Saturday, November 25, 2017

November Week 4: Making Your Own Decisions

Maybe bring chess board and challenge someone to play chess, talk about how I used to play chess with my dad and brother and how much I love chess.

Chess game - in November 2016, Magnus Carlsen played Sergey Karjakin for the world championship.  They played 12 games to a tie, then they played blitz games to determine the champion.  Carlsen won two blitz games and retained the crown.  Each game lasted between 3 to 4 hours and there were no take-backs.  Once a bad move has been made, there is no going back.

Chess is a game with an almost infinite amount of variations.  There are more possible chess variations than starts in the galaxy or even atoms in the universe.  See more info at Shannon Number (10 ^ 120 possible games); and that is a low estimate.

Compared to chess, we have far fewer decisions to make in life.  But just as in chess, there is only one direction: forward.  There are no "take-backs" in life.

D&C 58:27-29
As we read a couple of weeks ago, we do not have to be told what to do all the time.  We need to be "anxiously engaged in a good cause".  If we are told what to do and how to do it, all the time, then we could be considered a slothful (lazy) servant.

What decisions do you have to make?
- Daily decisions
- Weekly decisions
- Monthly decisions
- Yearly decisions

Is it a big deal to get a daily decision wrong?  What about a yearly decision?  A life decision?

Talk about an airplane, degrees and course corrections.

Example of Jeffry Holland's story of going on a trip and coming to a fork in the road. They didn't know.  They prayed and felt they should take a right.  They went about 500 yards and found it was a dead end.  The road to the left actually was the correct road.  Later on, his son asked why they felt that the "right" road was the incorrect choice.  Sometimes we have to just make a decision … and maybe in those cases, the risk truly is low or not as high as we think.  In the Holland example, what if, instead of a 500 yard mistake, it lead them out in the middle of nowhere and they ran out of gas?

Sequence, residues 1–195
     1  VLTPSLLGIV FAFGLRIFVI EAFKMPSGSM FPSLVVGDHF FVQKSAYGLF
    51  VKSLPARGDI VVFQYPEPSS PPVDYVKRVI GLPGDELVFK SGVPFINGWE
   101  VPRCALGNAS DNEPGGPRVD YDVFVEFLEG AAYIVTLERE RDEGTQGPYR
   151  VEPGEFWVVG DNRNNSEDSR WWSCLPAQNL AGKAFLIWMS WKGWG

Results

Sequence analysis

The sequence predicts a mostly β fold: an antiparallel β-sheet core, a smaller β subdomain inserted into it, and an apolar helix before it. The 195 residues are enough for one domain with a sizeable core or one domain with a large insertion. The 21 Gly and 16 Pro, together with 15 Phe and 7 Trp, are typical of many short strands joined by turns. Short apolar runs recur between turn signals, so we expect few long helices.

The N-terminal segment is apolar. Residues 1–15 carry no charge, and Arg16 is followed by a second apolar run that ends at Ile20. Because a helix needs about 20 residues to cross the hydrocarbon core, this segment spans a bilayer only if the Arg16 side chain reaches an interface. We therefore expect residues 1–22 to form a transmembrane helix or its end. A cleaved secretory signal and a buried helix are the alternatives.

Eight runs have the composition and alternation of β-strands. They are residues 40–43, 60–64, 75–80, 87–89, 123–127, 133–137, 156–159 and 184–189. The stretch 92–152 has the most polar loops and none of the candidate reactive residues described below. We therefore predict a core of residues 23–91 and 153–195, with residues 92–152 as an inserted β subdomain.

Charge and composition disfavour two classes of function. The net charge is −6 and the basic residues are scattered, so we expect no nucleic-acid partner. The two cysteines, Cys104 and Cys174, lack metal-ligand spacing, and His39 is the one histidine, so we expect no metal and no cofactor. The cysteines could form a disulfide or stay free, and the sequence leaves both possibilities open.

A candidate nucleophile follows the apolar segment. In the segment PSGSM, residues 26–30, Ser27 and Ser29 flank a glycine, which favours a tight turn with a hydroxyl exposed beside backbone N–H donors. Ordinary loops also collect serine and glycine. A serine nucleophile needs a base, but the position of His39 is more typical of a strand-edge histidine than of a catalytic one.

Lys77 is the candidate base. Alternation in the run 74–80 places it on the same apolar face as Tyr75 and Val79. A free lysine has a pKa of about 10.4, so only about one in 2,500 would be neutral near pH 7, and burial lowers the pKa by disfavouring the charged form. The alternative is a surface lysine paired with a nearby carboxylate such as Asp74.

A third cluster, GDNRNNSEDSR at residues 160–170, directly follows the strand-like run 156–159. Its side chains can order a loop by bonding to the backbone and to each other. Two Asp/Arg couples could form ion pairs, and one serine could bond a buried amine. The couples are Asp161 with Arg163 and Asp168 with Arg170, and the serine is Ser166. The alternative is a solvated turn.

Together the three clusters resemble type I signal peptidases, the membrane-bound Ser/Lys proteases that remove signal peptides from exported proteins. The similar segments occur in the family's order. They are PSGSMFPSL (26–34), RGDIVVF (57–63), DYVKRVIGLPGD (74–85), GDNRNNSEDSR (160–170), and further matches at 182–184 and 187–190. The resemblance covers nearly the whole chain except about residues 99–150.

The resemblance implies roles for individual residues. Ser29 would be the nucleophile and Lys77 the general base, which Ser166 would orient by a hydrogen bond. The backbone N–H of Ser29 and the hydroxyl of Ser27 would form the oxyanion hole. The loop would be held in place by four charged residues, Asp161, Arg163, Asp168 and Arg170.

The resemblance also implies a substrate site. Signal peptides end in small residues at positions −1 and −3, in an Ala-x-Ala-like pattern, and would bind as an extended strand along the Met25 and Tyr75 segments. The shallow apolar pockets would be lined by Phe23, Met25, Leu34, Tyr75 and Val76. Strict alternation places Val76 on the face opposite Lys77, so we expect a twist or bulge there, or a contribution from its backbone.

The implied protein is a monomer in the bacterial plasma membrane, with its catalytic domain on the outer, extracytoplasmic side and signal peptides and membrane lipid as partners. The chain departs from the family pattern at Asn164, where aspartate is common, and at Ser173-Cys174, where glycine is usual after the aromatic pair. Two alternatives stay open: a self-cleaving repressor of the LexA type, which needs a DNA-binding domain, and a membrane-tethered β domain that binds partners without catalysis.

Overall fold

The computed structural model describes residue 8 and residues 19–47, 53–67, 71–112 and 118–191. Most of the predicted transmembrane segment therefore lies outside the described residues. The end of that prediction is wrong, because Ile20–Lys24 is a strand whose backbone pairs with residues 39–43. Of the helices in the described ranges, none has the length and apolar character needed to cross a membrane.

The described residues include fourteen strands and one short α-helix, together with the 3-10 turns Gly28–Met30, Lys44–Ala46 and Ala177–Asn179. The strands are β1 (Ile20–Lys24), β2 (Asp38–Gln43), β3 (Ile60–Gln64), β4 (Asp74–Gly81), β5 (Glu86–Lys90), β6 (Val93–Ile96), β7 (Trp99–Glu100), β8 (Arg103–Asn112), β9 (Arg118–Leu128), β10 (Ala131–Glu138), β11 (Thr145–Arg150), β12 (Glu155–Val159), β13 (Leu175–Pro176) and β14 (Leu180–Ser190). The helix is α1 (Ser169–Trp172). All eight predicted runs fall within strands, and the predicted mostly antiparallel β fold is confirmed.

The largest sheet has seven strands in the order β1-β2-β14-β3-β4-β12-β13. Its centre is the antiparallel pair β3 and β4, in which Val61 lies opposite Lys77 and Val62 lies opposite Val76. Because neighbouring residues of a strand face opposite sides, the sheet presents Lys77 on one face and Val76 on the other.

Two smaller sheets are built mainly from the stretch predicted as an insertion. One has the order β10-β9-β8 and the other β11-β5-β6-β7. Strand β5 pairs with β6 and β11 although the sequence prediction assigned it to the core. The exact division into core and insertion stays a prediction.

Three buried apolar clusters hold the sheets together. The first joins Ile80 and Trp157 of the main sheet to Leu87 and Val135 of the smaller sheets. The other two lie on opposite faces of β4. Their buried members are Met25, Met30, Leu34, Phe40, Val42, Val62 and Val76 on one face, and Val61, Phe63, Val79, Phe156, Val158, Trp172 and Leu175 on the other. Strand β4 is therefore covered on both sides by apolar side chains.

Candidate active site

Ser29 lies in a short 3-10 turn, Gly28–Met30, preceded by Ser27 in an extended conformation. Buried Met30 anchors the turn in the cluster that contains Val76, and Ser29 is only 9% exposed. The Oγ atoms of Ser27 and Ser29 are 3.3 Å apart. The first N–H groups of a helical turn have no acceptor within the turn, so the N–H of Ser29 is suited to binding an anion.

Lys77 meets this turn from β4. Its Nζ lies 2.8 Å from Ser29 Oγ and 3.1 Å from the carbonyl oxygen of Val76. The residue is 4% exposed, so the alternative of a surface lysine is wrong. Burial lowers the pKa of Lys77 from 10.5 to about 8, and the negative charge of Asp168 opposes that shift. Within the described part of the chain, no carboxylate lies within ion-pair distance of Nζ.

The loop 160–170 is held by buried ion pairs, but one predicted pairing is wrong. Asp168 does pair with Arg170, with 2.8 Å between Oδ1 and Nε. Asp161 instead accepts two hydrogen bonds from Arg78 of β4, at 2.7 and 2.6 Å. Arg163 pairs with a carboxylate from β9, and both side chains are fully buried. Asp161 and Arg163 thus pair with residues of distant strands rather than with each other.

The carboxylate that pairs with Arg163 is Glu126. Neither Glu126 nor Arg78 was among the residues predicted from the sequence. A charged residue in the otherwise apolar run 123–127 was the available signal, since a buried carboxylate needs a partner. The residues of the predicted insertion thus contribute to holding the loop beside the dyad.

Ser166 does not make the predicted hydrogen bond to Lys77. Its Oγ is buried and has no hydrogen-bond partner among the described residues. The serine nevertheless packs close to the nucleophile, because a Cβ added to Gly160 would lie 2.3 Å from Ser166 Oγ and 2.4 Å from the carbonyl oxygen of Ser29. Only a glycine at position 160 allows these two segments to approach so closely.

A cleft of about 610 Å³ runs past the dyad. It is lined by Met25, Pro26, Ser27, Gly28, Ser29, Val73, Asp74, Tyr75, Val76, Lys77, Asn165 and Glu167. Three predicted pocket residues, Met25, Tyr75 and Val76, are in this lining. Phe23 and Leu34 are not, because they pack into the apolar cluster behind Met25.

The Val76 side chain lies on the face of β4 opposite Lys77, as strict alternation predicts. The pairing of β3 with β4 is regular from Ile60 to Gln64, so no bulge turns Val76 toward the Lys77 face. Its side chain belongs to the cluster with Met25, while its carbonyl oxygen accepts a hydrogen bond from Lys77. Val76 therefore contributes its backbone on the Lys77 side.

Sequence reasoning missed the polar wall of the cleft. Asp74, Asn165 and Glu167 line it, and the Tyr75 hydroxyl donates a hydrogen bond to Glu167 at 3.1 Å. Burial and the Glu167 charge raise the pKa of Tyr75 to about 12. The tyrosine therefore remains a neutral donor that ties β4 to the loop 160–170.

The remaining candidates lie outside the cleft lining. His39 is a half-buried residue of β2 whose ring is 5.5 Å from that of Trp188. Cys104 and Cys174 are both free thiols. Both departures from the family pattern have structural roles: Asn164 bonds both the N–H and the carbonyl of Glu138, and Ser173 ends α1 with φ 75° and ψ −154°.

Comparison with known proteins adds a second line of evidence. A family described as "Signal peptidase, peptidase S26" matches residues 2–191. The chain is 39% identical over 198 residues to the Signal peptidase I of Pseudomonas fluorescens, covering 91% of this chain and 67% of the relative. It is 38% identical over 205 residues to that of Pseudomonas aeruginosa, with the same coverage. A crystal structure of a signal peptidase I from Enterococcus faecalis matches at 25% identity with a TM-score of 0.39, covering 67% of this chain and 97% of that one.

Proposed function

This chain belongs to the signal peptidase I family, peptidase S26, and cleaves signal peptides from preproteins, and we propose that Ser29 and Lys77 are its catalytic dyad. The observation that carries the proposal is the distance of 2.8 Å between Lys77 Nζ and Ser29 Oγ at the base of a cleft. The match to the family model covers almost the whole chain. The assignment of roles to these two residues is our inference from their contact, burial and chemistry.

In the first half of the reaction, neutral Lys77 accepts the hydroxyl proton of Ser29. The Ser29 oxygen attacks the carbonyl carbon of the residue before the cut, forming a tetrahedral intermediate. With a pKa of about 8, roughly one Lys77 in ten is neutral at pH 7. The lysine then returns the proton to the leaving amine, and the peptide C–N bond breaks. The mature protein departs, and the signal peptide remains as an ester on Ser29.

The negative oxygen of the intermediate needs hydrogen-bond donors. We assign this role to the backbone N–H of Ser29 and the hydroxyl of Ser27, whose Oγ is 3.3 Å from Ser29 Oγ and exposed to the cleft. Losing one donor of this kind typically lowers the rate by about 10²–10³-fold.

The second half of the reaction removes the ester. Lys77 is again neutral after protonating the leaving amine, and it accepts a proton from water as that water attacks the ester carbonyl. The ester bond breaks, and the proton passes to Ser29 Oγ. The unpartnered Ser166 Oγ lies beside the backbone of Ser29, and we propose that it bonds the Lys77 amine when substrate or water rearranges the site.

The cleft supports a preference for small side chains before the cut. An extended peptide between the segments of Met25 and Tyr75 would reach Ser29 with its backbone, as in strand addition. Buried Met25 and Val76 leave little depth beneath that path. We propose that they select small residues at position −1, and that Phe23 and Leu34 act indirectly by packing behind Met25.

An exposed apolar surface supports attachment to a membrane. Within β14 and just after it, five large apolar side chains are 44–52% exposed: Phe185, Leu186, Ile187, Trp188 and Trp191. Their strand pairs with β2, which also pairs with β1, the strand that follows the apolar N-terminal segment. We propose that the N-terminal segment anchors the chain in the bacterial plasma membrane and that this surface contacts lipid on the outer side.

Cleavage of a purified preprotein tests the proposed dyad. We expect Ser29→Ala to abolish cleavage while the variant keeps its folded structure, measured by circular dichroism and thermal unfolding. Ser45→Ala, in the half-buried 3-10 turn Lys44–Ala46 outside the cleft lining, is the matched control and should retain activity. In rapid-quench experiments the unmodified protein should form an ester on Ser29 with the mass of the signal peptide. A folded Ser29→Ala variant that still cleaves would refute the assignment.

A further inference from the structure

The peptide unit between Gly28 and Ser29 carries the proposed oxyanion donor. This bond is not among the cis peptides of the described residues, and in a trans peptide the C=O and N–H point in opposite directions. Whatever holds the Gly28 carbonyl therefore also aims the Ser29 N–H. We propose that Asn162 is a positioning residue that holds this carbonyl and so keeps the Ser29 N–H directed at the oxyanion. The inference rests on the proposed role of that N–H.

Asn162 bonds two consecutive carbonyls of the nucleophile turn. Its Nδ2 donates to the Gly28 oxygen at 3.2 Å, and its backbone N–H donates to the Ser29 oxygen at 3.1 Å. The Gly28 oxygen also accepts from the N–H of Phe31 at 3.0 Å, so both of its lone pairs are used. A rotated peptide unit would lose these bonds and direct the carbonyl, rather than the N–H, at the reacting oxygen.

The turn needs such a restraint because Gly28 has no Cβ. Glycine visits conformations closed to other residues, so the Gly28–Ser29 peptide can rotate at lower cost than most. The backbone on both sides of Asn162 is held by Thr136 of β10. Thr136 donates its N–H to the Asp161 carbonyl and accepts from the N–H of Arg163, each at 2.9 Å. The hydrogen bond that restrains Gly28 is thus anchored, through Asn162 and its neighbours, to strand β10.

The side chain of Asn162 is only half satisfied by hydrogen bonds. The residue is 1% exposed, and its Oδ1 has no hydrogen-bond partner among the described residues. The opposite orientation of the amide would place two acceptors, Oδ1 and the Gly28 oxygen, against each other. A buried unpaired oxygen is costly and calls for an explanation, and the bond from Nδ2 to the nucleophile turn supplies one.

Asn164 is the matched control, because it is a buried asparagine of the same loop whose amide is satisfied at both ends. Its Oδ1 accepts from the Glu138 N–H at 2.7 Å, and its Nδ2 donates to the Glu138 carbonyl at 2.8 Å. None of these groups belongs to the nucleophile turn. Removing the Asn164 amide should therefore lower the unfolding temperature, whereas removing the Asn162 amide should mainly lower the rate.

The students have a blank canvas - they can head into any direction they want now … and really they will only impact their own life.  Compared to my life (~40 years old), I can't simply go change my career or lifestyle without impacting others.

What can you do now to help you make the best decision?

1) Be informed; gather information, understand consequences, determine if that is a path you want to go down.  Prayer is a good way to gather information.

2) Determine the risk.  Sometimes if the risk is low, then not much thought is required.  But if there is a lot of risk, then a lot of prep work needs to be done.

3) Constraints and A/B testing - a variant of Good, Better, Best.  Sometimes you want the best, but other times the best is not needed.  Sometimes there are constraints on our options.  Once you've determined if you need Good, Better or Best, how do you go about finding the best?
○ Buying a car
§ Do you want the best? (if no, then no need for A/B testing)
§ If yes, then how much are you willing to spend?
§ What is your constraint?

4) Sometimes, you truly have to "walk by faith" and "see what happens" regardless the risk.  In those cases, we simply do our best.

Lastly, some food for thought: Goals vs Systems

Personal example: career path.  Picking one certain assignment vs moving in a general direction with keeping options open (CSCoE vs Manager which could lead to interface assignment)